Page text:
• You were diagnosed with an illness linked to the toxic chemicals in Camp Lejeune water
  • Your injury resulted in damages
  • There is a causal relationship, or sufficient evidence to conclude a causal relationship is as likely as not, between Camp Lejeune water and your health issues

There are various pieces of evidence that can be used to prove each of these items, such as:

  • Military service records showing when you were stationed at the base
  • Documents that show you lived at Camp Lejeune
  • Employment records to prove you did work on the base, including records from employers and/or paystubs or tax returns
  • Medical records to establish your specific diagnosis
  • Medical records establishing your treatment and likely cause of your illness
  • Records of disability benefits paid by the Department of Veterans Affairs
  • And more

An experienced lawyer can help you gather all the documentation you will need to build a strong case. However, gathering evidence takes time, so it is vital that you contact a lawyer right away so he or she can start working on your case. Time is running short, as the deadline is August 10, 2024.

What Toxic Chemicals Were Discovered in Camp Lejeune Water?

The water at Camp Lejeune was contaminated with several hazardous chemicals, including trichloroethylene (TCE), perchloroethylene (PCE), benzene, vinyl chloride, trans-1 and 2 dichloroethylene. These substances are known carcinogens and have been linked to a variety of health issues.

The main chemical discovered at Tarawa Terrace was PCE. This chemical settled into the groundwater, broke down and turned into vinyl chloride and TCE, which was the main toxin discovered at Hadnot Point. TCE came from underground storage tanks and waste disposal sites that sprung leaks.

These chemicals have numerous uses, including metal cleaning and dry cleaning. These chemicals are also used in the production of:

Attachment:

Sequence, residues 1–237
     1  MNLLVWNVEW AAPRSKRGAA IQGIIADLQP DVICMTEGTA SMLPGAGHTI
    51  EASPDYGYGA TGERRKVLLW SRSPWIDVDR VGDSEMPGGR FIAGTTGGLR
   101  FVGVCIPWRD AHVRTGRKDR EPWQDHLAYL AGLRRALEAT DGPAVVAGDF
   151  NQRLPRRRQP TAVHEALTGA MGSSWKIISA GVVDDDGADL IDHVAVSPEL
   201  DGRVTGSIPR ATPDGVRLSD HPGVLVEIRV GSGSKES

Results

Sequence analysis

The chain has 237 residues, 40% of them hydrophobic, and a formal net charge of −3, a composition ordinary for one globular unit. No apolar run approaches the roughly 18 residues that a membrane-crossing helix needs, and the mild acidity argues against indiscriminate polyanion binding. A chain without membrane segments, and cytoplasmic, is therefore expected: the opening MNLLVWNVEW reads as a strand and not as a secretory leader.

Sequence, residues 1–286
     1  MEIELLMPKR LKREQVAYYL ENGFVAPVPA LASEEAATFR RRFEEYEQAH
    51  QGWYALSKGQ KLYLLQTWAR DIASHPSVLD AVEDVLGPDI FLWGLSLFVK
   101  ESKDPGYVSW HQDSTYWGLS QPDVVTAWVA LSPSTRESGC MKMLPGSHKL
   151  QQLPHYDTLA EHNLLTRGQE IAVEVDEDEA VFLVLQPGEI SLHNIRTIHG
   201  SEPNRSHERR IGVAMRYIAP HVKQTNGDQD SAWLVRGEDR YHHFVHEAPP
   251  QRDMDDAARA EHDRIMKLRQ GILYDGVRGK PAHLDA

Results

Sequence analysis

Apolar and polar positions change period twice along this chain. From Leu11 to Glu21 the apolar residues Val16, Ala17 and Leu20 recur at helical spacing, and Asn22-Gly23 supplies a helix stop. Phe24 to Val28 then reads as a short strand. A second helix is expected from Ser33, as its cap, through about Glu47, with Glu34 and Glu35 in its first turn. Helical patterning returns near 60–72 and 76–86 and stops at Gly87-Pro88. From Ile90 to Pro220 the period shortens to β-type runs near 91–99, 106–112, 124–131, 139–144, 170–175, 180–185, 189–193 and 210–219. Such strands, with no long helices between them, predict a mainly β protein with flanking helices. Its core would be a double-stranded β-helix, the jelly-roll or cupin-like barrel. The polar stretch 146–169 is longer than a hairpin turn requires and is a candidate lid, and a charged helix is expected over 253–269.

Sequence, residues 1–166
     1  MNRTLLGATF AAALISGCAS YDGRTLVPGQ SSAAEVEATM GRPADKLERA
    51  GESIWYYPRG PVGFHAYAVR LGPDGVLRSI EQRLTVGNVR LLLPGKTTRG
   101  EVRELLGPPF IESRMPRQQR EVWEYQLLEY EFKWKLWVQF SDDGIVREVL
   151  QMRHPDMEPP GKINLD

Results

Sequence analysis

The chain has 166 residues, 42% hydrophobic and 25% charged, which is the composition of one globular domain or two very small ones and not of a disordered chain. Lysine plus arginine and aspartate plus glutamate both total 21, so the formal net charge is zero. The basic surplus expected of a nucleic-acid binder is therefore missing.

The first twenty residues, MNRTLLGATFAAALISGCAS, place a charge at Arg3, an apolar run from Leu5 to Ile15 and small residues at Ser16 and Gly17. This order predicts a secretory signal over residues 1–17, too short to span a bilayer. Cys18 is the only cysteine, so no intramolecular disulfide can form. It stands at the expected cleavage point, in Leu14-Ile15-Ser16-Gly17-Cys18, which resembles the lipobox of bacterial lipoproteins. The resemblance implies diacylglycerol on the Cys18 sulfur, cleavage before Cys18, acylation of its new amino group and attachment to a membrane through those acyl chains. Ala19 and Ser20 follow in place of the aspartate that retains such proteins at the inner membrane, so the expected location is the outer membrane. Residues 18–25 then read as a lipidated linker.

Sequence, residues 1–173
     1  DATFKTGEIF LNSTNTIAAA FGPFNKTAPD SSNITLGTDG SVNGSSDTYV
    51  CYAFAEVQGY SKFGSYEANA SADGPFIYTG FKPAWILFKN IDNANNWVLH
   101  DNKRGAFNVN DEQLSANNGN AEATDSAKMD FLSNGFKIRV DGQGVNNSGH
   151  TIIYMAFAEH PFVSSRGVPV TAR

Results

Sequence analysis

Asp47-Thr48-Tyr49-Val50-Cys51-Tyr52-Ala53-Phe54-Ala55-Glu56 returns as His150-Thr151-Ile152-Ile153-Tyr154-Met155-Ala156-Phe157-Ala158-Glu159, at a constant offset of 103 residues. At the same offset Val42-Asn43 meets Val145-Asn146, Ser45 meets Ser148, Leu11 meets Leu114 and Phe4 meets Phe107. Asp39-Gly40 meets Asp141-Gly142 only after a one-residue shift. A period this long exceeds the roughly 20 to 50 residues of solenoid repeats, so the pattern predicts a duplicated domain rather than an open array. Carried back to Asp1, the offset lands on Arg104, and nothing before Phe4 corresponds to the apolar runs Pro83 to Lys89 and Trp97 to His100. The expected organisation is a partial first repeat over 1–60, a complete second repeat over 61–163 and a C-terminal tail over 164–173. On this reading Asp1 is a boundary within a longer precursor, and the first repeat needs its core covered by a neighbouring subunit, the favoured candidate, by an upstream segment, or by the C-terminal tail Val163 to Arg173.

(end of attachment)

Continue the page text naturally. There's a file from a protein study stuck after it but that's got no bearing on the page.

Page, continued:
• Plastics
  • Synthetic fibers
  • Dye
  • Lubricant
  • Pesticides
  • Rubber
  • Packing material
  • Pipes
  • Detergents
  • Pipe coatings

While the chemicals found in Camp Lejeune water have their uses, they are not safe for human consumption. For example, TCE has been strongly linked to cardiac issues, non-Hodgkin’s lymphoma and kidney cancer.

When Was Camp Lejeune’s Toxic Water Discovered?

The contaminated wells at Camp Lejeune were shut down in the mid-1980s. However, there may be evidence that Marines knew about contaminated water as far back as 1980. This was several years before water regulations were implemented.

It was not until 1989 that the Environmental Protection Agency added Camp Lejeune to its priority list of sites that released hazardous chemicals. In 1990, the Agency for Toxic Substances and Disease Registry (ATSDR) stated that the Tarawa Terrace drinking water system was contaminated with PCE. The agency also revealed the groundwater had been contaminated before the well was removed.

The agency stated in 2017 that the drinking water at Camp Lejeune put people at risk for several types of cancer.

Contact Us To Discuss Your Camp Lejeune Lawsuit

While lawsuits cannot change what happened at Camp Lejeune, they can provide victims with the compensation they need for medical care and other damages. However, there is limited time to take legal action – claims will not be accepted after August 10, 2024.

There are many factors to consider when it comes to your eligibility to file a case. You can benefit greatly from talking to an experienced lawyer from Pfeifer, Morgan and Stesiak about your situation. The initial consultation is free.

Call us to find out how we may be able to help you or your loved one: (844) 678-1800.

Pfeifer, Morgan & Stesiak

Serious Attorneys for Serious Cases